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New Questions About the Health Benefits of Vitamin Supplements


Americans spend roughly $7 billion a year on vitamins. But recent studies show that mega-doses of such popular supplements as vitamins E, A and C may be doing more harm than good.

Yale University public health expert David Katz says research has shown, for example, that 400 iu (international units) or more a day of vitamin E may not only fail to prevent heart disease, but can actually hurt you.

Vitamin A also poses a risk Dr. Katz says, citing a large study that observed people who take the supplement. "There was actually an increases risk of hip fracture with women who had the highest intake of vitamin A," he says. "We've also known that high doses of vitamin A can cause birth defects."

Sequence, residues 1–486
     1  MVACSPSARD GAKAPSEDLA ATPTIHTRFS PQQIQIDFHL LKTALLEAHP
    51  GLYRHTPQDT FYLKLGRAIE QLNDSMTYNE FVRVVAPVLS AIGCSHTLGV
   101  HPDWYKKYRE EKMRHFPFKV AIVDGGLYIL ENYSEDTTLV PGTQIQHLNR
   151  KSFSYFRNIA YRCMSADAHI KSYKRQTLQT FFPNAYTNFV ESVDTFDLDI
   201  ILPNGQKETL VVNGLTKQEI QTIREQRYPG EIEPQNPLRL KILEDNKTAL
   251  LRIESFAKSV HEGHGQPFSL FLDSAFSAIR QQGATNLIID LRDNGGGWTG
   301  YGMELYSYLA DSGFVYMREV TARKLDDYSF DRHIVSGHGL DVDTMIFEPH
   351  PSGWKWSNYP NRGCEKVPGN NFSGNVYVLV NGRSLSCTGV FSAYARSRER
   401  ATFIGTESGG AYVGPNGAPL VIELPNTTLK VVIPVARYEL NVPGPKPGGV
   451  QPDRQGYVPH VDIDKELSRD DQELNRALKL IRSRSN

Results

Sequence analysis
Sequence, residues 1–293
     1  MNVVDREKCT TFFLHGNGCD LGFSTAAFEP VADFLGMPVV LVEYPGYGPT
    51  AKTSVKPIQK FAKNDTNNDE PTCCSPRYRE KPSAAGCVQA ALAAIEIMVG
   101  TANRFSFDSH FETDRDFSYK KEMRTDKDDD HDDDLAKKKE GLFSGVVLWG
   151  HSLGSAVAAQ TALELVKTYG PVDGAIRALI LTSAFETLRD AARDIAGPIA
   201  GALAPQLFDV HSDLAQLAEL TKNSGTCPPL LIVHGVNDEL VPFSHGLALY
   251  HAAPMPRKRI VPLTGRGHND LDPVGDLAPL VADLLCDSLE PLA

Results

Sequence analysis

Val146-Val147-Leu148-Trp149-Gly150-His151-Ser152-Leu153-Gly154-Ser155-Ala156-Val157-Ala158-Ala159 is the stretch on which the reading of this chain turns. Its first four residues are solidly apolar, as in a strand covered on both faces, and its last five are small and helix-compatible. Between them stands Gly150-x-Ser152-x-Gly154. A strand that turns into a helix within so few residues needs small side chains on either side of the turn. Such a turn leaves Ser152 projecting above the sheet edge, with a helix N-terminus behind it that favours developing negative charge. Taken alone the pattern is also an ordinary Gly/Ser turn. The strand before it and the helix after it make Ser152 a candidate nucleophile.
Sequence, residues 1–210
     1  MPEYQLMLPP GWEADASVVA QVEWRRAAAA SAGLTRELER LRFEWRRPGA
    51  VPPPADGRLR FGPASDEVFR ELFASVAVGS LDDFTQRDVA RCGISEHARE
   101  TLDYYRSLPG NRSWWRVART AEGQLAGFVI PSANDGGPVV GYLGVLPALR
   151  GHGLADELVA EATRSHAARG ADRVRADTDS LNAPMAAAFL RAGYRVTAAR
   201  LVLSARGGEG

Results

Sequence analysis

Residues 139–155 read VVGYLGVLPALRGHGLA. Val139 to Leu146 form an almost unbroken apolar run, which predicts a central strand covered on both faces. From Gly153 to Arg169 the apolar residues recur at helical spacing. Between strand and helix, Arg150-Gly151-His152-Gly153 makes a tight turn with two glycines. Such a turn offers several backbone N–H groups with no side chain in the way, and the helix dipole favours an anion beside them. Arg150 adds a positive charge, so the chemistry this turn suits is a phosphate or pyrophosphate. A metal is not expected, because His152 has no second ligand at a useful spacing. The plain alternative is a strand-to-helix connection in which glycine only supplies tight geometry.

Dr. Katz says that while vitamin C in food promotes good health, there is no evidence that any mega-dose supplement can prevent colds or cancers. "Perhaps one of the more disturbing things is that if you are taking vitamin C while you are being treated for cancer it might actually help protect the cancer cells from chemotherapy. You just can't assume that taking this when sick is a good idea."

Rather than relying on fistfuls of daily vitamins that may do you no good, Dr. Katz suggests consumers take one daily multi-vitamin. "I consider that an insurance policy to make sure that we get enough of all the vitamins and all the minerals we need for good health."

However, Dr. Katz says eating a well-balanced diet rich in vitamins is still the best defense against disease.

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